Cut, raise or punt?

Wash­ing­ton County’s tough de­ci­sions lay ahead

Northwest Arkansas Democrat-Gazette - - EDITORIAL PAGE -

The lead­ers in Wash­ing­ton County gov­ern­ment have be­fore them an unenviable task. They’re in a bud­getary hole, sort of, and some of them have par­tic­i­pated in the ex­ca­va­tion. The ap­proach­ing chal­lenge for the 2018 bud­get year is to de­ter­mine whether the county can slow or even stop the dig­ging.

For 2017, the Quo­rum Court bud­geted more than $65 mil­lion in spend­ing over­all for ser­vices like the Road Depart­ment, the Sher­iff’s Of­fice and county jail, an­i­mal con­trol and shel­ter­ing, the courts, ju­ve­nile de­ten­tion, em­ployee health in­sur­ance, the 911 sys­tem and oth­ers. The prob­lem for jus­tices of the peace, who de­velop and ap­prove each year’s bud­get, is the pro­jected rev­enue for 2017 came in around $61 mil­lion.

That’s not nec­es­sar­ily a cri­sis. Af­ter all, state law pro­hibits the county from bud­get­ing more than 90 per­cent of an­tic­i­pated rev­enue, so there’s a built-in cush­ion of sorts. In ad­di­tion, the 2017 bud­get an­tic­i­pated end­ing the year with nearly $12 mil­lion in un­ap­pro­pri­ated re­serve. We sus­pect a lot of coun­ties would love to have that kind of money in re­serve.

But what wor­ries county of­fi­cials is the trend. In 2010, the un­ap­pro­pri­ated re­serve over­all to­taled more than $25 mil­lion. It’s got­ten smaller and smaller each year as an­nual spend­ing chipped away at what, in overly sim­ple terms, might be viewed as the county’s sav­ings ac­count. Op­er­a­tion of the county jail and county em­ployee in­sur­ance cov­er­age has got­ten more ex­pen­sive, as have a lot of ex­penses.

The con­cern? Even­tu­ally, out­spend­ing an­nual rev­enue will whit­tle away re­serves un­til there’s noth­ing left.

A county with­out any re­serve has lit­tle flex­i­bil­ity, a re­duced abil­ity to re­spond to the un­ex­pected. And not ev­ery­thing can be an­tic­i­pated. For three year’s run­ning, county of­fi­cials have dis­cov­ered bud­get­ing er­rors that re­quired mid-year ad­just­ments, for ex­am­ple. Early this year, the as­ses­sor dis­cov­ered an er­ror that re­quired the Quo­rum Court to al­lo­cate an ex­tra $1 mil­lion out of re­serves.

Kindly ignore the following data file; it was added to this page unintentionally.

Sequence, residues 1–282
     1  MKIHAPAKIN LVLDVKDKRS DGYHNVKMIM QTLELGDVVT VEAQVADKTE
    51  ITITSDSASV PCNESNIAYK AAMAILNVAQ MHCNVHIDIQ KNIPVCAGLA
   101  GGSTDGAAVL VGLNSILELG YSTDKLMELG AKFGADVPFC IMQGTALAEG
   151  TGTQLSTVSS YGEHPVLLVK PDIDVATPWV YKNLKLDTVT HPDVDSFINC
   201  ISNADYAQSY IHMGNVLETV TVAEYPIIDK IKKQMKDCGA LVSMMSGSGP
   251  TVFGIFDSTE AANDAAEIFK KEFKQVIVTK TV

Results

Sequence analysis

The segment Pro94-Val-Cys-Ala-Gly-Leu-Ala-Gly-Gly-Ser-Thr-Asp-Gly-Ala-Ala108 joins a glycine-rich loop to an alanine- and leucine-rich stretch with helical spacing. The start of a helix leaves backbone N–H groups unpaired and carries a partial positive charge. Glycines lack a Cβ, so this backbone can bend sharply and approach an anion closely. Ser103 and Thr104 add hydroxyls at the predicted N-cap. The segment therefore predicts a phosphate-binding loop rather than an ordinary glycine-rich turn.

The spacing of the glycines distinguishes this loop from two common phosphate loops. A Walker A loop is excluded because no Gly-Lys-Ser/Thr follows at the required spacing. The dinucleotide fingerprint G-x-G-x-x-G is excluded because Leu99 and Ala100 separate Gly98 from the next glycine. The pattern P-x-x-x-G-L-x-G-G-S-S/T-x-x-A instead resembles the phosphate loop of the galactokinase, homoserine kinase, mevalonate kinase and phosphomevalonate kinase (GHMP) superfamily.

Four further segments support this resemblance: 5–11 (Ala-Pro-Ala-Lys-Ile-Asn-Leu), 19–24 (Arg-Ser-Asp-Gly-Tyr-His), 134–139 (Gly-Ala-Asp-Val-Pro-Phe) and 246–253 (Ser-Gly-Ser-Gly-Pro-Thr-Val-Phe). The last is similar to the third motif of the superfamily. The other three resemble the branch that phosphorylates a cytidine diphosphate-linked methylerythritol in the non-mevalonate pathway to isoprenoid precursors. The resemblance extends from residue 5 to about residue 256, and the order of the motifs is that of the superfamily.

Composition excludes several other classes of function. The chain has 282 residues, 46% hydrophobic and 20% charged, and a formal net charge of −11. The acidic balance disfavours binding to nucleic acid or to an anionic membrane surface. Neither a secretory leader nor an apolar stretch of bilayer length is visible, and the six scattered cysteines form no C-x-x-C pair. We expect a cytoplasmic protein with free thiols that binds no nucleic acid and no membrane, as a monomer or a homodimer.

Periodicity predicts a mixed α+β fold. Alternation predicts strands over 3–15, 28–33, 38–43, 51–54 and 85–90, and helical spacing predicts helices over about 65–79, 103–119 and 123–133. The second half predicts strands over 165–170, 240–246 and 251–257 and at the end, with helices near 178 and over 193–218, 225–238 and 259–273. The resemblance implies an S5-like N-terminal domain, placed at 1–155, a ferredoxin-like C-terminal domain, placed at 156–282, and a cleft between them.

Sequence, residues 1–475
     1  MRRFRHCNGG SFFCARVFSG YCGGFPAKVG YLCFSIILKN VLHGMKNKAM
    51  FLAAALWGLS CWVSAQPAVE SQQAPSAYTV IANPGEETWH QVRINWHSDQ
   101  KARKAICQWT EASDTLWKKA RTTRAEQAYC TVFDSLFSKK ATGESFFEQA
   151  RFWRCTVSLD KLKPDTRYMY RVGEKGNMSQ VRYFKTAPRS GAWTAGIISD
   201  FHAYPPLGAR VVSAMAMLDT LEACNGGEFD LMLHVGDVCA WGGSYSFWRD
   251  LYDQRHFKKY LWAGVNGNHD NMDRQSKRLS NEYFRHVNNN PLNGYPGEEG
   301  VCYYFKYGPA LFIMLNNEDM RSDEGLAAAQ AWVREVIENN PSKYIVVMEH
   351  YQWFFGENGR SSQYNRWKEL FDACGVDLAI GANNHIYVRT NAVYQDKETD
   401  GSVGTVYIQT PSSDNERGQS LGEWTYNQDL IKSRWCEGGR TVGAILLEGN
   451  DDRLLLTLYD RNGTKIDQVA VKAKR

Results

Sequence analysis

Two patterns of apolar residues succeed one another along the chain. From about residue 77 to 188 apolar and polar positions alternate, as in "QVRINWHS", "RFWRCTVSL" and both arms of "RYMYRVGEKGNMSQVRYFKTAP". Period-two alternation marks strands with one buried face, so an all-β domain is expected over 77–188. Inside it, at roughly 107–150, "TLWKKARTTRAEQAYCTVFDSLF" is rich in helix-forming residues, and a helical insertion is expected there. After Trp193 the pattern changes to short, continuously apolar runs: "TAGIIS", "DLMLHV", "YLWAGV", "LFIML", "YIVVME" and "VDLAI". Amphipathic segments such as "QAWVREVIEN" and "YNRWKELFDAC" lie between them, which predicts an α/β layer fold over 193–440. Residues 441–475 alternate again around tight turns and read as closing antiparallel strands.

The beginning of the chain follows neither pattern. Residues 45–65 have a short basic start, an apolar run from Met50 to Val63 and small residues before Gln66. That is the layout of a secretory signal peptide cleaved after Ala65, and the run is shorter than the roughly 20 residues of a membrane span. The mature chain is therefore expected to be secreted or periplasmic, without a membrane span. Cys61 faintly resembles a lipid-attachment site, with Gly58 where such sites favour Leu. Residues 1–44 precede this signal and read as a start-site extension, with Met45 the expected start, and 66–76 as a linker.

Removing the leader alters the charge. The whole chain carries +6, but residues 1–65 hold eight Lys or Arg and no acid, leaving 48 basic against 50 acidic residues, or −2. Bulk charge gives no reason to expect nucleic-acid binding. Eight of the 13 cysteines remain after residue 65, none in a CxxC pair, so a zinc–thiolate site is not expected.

Back in 2012, jus­tices of the peace felt com­fort­able enough with county fi­nances to re­duce prop­erty taxes by half a mill, drop­ping the county’s dis­cre­tionary prop­erty mill­age from 4.4 to 3.9 mills. Cut­ting taxes is fun and pop­u­lar, and one could rea­son­ably ar­gue that the county had enough money com­ing in. So the Quo­rum Court that year set the county on course for a tighter bud­get. That’s a fine bud­getary phi­los­o­phy — the idea that build­ing too much in re­serves re­ally means the county is over­tax­ing its res­i­dents — but as costs con­tinue to grow, it de­mands a day of reck­on­ing at some point.

Is 2017 that day of reck­on­ing? The other day, this news­pa­per re­ported County Judge Joseph Wood’s staff plans op­er­a­tional and staffing changes to save money. “It’s all money-ori­en­tated,” Chief of Staff Carl Gales said dur­ing a Pub­lic Works Com­mit­tee meet­ing. “We do need a lot of fix­ing.”

The county judge over­sees 15 de­part­ments. Wood took of­fice in Jan­uary. Other parts of the county bud­get is directed by other elected of­fi­cials, such as the sher­iff, as­ses­sor, col­lec­tor, pros­e­cut­ing at­tor­ney, county clerk and cir­cuit clerk. Each elected of­fi­cial sub­mits a bud­get to the Quo­rum Court an­nu­ally.